Monday, March 29, 2010

Anticipating Monterey

What's not to love about the Monterey Jazz Festival? Go more than once and the experience becomes cumulative. Not only do you have last year's memories to savor, you also have next year's lineup to look forward to. And when it's announced, it never disappoints.

Three cheers for MJF/53, to be held September 17-19 on the sweet fairgrounds of Monterey-by-the-sea. Hurray for the sheer, mind-boggling quantity: 500 artists on 7 stages for 85 performances squeezed into three nights and two days. No one sees them all, except maybe Forrest Dylan Bryant. Bravo for the quality, including 9 artists/groups making their Monterey festival debuts.

Is it really possible that the great Ahmad Jamal is playing this festival for the first time? (That Trombone Shorty is new this year I can understand--he's still a kid.) Has Harry Connick truly never made his way to Monterey? All I ask is that he not make this part of his Your Songs tour. Please, Harry, I'm begging you, don't sing "Close to You." Give us some of that New Orleans sugar, swagger and stride. Make us swoon.

Who else? Dianne Reeves is this year's artist in residence. Works for me, because I want to know her much better than I do. Roy Haynes, the dapper dresser and ageless wonder, will be there with his Fountain of Youth Band. (Jaleel Shaw, I hope that includes you.) Angelique Kidjo will perform with a band that includes Christian McBride, Lionel Loueke, and Kendrick Scott. Whew. Roy Hargrove will bring his big band. Nellie McKay will channel Doris Day--or not, depending on her mood. Whatever she does, she'll delight and confound the crowd. She's a one-woman variety/cabaret show.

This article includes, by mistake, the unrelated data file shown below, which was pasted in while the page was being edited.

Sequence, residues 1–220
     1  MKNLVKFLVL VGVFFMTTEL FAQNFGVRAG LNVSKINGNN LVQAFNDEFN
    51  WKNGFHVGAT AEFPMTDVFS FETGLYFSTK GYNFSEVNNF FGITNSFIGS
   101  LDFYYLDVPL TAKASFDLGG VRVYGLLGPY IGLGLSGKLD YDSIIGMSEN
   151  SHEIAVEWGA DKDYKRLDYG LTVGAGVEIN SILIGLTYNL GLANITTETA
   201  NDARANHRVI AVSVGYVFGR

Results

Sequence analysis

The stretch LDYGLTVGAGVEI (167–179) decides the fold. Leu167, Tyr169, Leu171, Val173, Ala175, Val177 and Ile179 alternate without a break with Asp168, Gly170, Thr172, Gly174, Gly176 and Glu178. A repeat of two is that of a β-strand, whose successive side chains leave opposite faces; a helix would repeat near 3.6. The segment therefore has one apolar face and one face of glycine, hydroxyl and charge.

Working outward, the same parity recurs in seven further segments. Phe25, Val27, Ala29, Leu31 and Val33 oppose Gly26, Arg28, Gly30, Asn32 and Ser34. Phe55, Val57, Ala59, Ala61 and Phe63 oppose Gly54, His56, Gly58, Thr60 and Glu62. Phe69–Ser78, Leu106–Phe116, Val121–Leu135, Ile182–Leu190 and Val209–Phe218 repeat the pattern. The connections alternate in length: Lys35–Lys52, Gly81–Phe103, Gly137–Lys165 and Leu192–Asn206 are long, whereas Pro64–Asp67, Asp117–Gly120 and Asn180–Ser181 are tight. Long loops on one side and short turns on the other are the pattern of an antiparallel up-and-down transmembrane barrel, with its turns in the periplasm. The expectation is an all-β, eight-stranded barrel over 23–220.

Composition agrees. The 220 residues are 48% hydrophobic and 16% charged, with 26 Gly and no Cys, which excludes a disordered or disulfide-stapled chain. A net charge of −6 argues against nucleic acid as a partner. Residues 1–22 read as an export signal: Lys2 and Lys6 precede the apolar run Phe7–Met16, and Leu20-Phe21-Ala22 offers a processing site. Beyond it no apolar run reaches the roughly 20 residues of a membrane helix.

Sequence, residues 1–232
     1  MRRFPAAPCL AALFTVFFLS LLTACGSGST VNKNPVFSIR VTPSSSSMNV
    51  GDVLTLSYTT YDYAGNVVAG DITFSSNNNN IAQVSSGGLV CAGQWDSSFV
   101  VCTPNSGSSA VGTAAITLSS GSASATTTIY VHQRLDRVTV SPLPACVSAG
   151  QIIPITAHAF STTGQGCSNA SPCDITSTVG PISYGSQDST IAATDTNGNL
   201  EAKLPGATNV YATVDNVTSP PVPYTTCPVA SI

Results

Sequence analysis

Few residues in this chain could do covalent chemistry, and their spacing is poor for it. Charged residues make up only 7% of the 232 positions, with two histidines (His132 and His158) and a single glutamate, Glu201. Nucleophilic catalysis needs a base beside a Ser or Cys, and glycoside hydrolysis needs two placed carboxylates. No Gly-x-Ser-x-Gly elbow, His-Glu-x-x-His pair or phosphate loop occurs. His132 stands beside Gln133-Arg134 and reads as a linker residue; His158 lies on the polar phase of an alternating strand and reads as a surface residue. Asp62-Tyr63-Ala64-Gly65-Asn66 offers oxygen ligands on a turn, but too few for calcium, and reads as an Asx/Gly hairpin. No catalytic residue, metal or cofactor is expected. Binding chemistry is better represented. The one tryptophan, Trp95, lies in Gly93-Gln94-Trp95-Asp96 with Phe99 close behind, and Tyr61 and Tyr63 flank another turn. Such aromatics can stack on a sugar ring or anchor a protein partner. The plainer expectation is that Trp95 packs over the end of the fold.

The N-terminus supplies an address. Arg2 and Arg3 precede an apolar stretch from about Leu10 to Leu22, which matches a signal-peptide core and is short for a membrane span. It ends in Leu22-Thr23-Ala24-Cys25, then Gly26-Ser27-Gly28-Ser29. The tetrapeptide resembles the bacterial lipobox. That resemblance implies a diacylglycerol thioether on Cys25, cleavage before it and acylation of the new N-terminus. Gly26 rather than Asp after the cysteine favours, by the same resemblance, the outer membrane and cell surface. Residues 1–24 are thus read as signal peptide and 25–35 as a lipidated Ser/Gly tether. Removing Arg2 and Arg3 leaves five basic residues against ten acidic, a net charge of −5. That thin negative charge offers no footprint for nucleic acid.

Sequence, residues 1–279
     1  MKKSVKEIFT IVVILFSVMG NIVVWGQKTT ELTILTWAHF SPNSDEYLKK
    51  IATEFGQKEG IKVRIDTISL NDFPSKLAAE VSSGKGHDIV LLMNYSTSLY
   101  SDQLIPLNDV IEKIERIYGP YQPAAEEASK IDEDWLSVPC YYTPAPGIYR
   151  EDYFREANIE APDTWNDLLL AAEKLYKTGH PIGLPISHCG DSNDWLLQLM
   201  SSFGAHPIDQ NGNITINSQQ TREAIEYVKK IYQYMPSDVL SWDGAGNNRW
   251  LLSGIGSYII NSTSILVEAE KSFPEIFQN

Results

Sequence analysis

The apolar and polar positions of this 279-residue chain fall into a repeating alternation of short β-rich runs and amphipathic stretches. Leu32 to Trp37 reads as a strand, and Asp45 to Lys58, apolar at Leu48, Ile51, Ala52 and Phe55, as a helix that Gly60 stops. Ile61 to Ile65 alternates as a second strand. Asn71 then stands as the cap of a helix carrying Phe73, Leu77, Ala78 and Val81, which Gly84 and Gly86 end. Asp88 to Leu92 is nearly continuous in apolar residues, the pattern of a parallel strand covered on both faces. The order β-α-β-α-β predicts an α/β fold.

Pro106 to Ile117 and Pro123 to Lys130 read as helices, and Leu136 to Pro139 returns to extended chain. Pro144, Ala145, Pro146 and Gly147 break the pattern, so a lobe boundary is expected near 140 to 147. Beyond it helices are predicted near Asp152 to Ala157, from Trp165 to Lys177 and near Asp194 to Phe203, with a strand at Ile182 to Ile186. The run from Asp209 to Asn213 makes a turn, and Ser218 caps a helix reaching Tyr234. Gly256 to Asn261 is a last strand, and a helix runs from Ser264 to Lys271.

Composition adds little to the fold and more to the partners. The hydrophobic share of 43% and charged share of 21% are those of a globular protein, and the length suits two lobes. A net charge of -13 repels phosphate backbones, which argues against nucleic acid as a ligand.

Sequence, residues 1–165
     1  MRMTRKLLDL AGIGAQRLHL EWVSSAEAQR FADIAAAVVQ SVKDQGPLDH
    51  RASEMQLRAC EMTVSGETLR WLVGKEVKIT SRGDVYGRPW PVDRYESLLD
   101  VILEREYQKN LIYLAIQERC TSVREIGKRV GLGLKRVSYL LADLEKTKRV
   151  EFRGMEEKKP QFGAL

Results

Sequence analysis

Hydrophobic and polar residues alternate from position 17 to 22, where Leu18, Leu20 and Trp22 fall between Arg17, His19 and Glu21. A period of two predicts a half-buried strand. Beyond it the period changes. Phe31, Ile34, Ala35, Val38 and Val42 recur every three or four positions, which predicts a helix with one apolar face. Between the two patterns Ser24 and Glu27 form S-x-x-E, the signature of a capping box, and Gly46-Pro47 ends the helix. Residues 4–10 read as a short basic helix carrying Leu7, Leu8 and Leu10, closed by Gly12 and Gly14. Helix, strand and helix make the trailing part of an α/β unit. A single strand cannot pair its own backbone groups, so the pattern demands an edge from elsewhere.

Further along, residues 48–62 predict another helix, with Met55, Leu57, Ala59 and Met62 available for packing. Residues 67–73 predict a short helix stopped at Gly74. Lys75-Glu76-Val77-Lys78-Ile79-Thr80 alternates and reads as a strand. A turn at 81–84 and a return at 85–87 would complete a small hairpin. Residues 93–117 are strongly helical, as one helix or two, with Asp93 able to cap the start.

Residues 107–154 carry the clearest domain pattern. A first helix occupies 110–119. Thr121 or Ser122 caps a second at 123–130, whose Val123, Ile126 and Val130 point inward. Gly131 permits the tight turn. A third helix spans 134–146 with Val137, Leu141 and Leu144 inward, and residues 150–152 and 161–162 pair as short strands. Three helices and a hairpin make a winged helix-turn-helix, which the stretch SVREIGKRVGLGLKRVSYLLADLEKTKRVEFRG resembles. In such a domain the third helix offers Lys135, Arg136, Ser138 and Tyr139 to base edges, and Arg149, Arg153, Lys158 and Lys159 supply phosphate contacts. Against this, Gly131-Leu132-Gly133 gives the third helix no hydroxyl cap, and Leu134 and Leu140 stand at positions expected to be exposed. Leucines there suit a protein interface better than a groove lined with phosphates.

More? The Freedom Band with Chick Corea, Kenny Garrett, McBride and Haynes. Rudresh Mahanthappa's Indo-Pak Coalition. The inestimable Marcus Roberts and his trio. Jake Shimabukuro, ukelelist extraordinaire. The Chris Potter Underground (with the splendid Craig Taborn, the pianist/keyboardist named most often when I ask jazz musicians, "Who are you listening to?").

Kronos Quartet. Gerald Clayton. Russell Malone. Gretchen Parlato. Les Nubians. Billy Childs. Fred Hersch--in performance and in Downbeat's always enjoyable "Blindfold Test." Can Dan Ouellette stump Hersch? We'll see about that. Sachal Vasandani. Dr. Lonnie Smith. Les McCann. Conversations with Haynes, impresario George Wein, and Sam Stephenson from The Jazz Loft Project. The whole four-part film series Icons Among Us.

And that's not even everyone and everything, and we haven't talked about the food. Or the unique and palpable charm of the place and the people. Moonlight in the open-air arena, and planes flying low overhead. The Flyswatter Lady. Paul Aschenbrenner in his moose hat. Tim Orr on his bike. Clint Eastwood strolling by. The smell of the ocean, the mist in the air.

There are still many jazz festivals out there, thank goodness. Someone I know attends the North Sea festival each year. Wish I could go. The New Orleans Jazz & Heritage Festival is high on my list. I've been to Montreal and would love to return (though it's pricey; almost everything worth seeing is ticketed). I'd like to see Newport. Dear Jesus, please send me to Perugia someday. But until I win the lottery and can spend my life traveling with HH from festival to festival, he with his camera and I with my pen, make mine Monterey.

1 comment:

  1. And let's not forget Detroit, one of the largest in the world, possibly the largest free festival in North America depending on how you count attendees in Chicago. Best entertainment value for Labor Day Weekend and the best way to enjoy Detroit. Four days of jazz on six stages. One could spend September tromping around from one great festival to the next. Andrea


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